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Then they took him to the Maniagar's house, beat him with sticks and whips,
pushed pins down his nails, and tortured him generally until he confessed. He
said that he had taken the boy to Kangesanturai, carried him out into the sea,
knelt on him in the water until he was drowned, took his gold ornaments, and
then threw the body out into the sea. I set off at once to the sea, accompanied by
police, headmen, the accused, and the child's relations. The young man took us
to the place ...
He then took a step which almost certainly saved my life. About 6 or 8 miles from
Jaffna there was a village called Manippay in which was an American mission
with a small hospital and an American doctor in charge. Shipton went off to
Manippay and brought the American doctor to see me. He immediately
diagnosed typhoid and agreed to take me into his hospital. I was put on to a
mattress, carried out and put into a bullock cart, and driven away to Manippay.
There we were confronted ...
He had about 100 torch-bearers and the dancing took place on the lawn in the
light of the torches. The glamorous lady, for whom all this was done, was properly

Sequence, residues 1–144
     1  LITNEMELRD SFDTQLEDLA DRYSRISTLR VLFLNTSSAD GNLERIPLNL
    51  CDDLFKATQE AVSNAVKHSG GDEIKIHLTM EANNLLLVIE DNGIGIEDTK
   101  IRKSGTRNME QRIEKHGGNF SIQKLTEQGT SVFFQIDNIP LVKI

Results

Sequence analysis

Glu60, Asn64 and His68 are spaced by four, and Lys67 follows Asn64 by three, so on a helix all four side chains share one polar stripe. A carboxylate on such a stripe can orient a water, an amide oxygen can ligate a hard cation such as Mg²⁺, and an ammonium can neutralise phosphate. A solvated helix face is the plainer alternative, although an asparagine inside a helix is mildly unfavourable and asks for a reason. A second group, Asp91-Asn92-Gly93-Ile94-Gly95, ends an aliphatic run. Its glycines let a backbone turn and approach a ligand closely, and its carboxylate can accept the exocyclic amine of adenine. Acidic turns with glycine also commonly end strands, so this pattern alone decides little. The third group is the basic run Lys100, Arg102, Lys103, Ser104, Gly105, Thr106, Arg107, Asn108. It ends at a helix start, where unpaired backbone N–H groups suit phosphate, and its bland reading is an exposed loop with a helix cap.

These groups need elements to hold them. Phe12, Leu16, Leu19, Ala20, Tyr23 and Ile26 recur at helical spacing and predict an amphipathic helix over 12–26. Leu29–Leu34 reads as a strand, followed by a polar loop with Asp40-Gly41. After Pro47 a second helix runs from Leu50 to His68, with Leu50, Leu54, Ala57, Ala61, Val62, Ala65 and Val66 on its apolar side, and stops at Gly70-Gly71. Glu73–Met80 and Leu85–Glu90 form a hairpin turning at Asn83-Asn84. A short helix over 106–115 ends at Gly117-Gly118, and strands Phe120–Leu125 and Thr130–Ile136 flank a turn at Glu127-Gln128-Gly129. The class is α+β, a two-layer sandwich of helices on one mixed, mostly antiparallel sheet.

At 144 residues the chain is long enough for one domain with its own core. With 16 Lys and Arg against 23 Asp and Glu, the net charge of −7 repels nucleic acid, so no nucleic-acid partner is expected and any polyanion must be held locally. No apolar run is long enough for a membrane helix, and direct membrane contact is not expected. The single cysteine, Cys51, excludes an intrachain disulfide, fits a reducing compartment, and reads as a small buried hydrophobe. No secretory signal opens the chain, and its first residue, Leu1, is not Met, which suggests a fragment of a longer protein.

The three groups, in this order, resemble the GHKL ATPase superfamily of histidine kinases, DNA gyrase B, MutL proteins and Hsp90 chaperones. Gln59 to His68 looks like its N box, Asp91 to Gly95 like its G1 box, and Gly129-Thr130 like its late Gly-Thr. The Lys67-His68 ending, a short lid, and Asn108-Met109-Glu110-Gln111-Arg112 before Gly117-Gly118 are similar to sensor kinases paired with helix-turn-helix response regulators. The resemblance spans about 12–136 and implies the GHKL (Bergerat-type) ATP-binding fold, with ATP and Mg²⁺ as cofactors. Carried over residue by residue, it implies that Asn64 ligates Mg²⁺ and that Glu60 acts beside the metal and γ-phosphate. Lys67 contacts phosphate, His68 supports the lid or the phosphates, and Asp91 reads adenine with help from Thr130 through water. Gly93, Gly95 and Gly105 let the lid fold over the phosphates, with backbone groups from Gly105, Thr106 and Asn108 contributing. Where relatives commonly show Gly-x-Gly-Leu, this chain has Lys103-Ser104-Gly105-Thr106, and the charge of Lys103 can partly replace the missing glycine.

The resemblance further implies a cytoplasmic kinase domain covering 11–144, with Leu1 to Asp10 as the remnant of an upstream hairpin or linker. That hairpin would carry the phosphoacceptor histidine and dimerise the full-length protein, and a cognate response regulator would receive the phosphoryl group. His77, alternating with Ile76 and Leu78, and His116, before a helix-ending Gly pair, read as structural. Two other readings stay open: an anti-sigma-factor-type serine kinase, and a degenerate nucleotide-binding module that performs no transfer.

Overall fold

appreciative, and Clifford was immensely pleased. The only person slightly
cynical about it was myself, and perhaps too Nugawela Ratema- hatmaya. But I
think it convinced Clifford that I was extraordinarily competent, and, when shortly
afterwards an A.G.A. had to be appointed to Hambantota, on his own initiative —
so he ...
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LibraryThing ReviewUser Review - Jenney - LibraryThing
In the feudal society of Ceylon "I felt that there was some depth of happiness rather than pleasure, of satisfaction, . . . which the western world is losing or has lost." (p 158) Judgments such as ... Read full review
LibraryThing ReviewUser Review - robertsgirl - LibraryThing
This is the second book Leonard Woolf wrote of his life. He is a graceful author, and a sensitive man. Good look into an aristocratic young britisher and his growing up. Read full review